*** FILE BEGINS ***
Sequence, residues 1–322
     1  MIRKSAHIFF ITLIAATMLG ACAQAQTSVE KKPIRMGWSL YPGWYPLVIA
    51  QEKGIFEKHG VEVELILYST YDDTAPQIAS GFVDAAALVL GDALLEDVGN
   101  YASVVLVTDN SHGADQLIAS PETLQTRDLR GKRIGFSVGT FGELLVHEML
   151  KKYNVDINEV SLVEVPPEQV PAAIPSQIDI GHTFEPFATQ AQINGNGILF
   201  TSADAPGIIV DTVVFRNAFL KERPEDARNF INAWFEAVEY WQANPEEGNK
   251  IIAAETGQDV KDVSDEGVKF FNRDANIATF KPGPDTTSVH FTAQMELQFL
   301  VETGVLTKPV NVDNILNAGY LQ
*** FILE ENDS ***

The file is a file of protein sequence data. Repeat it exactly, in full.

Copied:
Sequence, residues 1–322
     1  MIRKSAHIFF ITLIAATMLG ACAQAQTSVE KKPIRMGWSL YPGWYPLVIA
    51  QEKGIFEKHG VEVELILYST YDDTAPQIAS GFVDAAALVL GDALLEDVGN
   101  YASVVLVTDN SHGADQLIAS PETLQTRDLR GKRIGFSVGT FGELLVHEML
   151  KKYNVDINEV SLVEVPPEQV PAAIPSQIDI GHTFEPFATQ AQINGNGILF
   201  TSADAPGIIV DTVVFRNAFL KERPEDARNF INAWFEAVEY WQANPEEGNK
   251  IIAAETGQDV KDVSDEGVKF FNRDANIATF KPGPDTTSVH FTAQMELQFL
   301  VETGVLTKPV NVDNILNAGY LQ